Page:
Because the ER reporters can access both the ONM and the INM (Fig. 1 A), we tested whether Atg39 could reach the INM using the nucleoplasmic reporter (Fig. 1 A, iii). The extralumenal domain of Atg39 is predicted to be unstructured, with a mol wt of 16 kD. Thus, even with the addition of the GFP1–10, it should, in principle, be able to pass through the peripheral channels along the pore membrane, which are thought to restrict passage of extralumenal domains larger than ∼60 kD (Popken et al., 2015; Smoyer et al., 2016). Interestingly, although we observed low levels of GFP fluorescence when GFP1–10-Atg39 was expressed with the nucleoplasmic reporter (Fig. 1 C, bottom panels), this fluorescence was intranuclear and did not accumulate along the nuclear periphery, even at low levels of expression (see time course of cells treated with galactose; Fig. S1 A). We interpret these data in a model where Atg39 can cross the pore membrane but is then liberated from the INM likely through an INM-associated degradation–type mechanism (Deng and Hochstrasser, 2006; Foresti et al., 2014; Khmelinskii et al., 2014; Koch et al., 2019). Such a model predicts the existence of a degron sequence in Atg39, likely in its N-terminus. Consistent with this idea, deletion of the N-terminus of Atg39 resulted in the accumulation of a reconstituted nuclear rim fluorescence when GFP1–10-atg39-(139–398) was expressed with the nucleoplasmic reporter (Fig. 1 A), even after several hours of growth in galactose (Fig. 1, E and F; and Fig. S1 B), whereas deletion of the C-terminal lumenal domain comprising amino acids 169–398 (GFP1–10-atg39-ΔL; Fig. 1 A) mirrored the full-length protein, albeit with a more visible pool at the nuclear periphery at lower levels (Fig. 1, G and H; and Fig. S1 C). Thus, there are sequence elements in the N-terminus of Atg39 that might trigger its removal from the INM. Taken together, the data are most consistent with a model in which Atg39 localizes at the ONM and may in fact be restricted from accumulating at the INM.
The Atg39 lumenal domain is necessary and sufficient for ONM targeting and bleb formation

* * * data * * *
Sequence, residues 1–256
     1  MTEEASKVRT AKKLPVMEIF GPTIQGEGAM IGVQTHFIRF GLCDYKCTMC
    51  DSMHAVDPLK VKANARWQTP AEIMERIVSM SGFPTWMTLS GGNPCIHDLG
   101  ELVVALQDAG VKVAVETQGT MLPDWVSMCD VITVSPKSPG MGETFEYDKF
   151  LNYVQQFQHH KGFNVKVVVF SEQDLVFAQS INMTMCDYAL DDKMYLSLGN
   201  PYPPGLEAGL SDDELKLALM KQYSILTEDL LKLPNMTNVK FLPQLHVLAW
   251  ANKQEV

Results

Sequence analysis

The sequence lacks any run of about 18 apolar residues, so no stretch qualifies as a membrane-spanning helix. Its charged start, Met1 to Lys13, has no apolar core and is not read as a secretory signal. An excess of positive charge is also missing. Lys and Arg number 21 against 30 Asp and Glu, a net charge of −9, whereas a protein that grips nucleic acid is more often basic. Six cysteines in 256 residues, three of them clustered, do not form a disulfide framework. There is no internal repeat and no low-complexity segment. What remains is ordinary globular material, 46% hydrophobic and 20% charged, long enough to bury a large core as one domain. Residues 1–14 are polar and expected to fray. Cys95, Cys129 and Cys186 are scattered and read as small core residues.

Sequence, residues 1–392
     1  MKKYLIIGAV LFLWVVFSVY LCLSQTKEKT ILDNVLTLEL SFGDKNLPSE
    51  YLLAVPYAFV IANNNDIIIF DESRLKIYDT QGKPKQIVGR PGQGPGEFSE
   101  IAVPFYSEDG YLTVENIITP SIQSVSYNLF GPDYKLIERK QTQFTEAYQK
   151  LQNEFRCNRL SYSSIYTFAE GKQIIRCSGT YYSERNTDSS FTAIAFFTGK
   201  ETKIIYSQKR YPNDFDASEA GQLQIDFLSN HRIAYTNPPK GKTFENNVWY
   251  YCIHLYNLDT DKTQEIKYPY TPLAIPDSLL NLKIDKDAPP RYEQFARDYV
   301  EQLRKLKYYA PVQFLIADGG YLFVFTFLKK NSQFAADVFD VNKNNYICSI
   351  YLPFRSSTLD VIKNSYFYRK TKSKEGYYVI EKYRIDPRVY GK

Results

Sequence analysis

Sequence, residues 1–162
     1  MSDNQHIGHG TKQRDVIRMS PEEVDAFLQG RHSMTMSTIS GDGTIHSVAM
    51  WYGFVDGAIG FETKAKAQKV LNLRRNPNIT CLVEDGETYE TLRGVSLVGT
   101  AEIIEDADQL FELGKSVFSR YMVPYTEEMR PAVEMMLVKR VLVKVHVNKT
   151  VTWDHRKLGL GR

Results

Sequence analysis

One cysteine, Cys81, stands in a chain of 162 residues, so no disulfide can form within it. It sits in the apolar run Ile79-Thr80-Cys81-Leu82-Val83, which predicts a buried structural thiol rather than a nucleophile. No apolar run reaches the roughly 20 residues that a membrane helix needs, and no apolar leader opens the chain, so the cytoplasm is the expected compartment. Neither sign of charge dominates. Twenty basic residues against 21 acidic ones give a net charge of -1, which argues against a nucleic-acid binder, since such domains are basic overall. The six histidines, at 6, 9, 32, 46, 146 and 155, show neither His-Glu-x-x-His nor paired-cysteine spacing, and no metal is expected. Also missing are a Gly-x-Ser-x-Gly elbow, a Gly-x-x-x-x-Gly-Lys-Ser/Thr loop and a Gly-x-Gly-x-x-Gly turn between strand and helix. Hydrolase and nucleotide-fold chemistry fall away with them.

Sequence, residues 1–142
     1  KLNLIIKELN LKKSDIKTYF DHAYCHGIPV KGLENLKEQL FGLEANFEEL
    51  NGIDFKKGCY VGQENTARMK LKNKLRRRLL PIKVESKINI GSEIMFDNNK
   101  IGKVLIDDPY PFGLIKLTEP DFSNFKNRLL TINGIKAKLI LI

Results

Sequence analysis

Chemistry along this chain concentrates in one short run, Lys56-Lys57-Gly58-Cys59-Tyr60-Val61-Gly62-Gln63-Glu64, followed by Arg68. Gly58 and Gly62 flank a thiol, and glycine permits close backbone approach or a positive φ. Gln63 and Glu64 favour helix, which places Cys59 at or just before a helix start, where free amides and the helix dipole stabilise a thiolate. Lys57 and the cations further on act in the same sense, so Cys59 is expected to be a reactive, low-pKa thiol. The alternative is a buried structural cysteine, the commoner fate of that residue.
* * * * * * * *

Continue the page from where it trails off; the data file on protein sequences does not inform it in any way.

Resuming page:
A model in which Atg39 acts from the outside of the nucleus in predicts physical interactions that connect Atg39 to the INM through the NE lumen/perinuclear space. To explore this, we generated a deletion series of Atg39 to systematically evaluate the sequence elements that conferred ONM localization. We also evaluated the ability of these constructs to induce NE blebs. We first generated C-terminal deletions that sequentially removed lumenal regions that secondary structure prediction suggested were α helical in nature (Fig. 2 A). Deletion of the terminal two α helical segments [GFP-atg39-(1–333)] did not impact NE targeting or the number of NE blebs observed in each cell (Fig. 2, B and E). In contrast, the removal of α2 [GFP-atg39-(1–312)] led to a marked decrease in the number of NE blebs per cell with no obvious impact on NE targeting (Fig. 2, B and E). We confirmed that this result was not simply due to lower expression levels of the GFP-atg39-(1–312) protein (Fig. S2 A) because a direct comparison of cells expressing similar levels (as assessed by total fluorescence) of either GFP-Atg39 or GFP-atg39-(1–312) demonstrated a reduction in NE bleb frequency that was specific for the truncation (Fig. S2 C). Removal of α1 abrogated NE accumulation and abolished NE blebbing as both GFP-atg39-(1–275) and GFP-atg39-ΔL no longer exclusively accumulated at the NE and were found throughout the cER as well (Fig. 2, B and E). Thus, these data support a model in which the lumenal domain of Atg39 has sequence elements required for both NE accumulation and NE remodeling that are contained within the predicted α1 and α2 helices. In analogy to Klarsicht, Anc-1, and Syne homology proteins that accumulate at the ONM by binding to INM Sad1 and Unc-84 proteins (Sosa et al., 2013), we propose that Atg39 accumulates at the ONM by forming a translumenal bridge through direct or indirect interactions with the INM.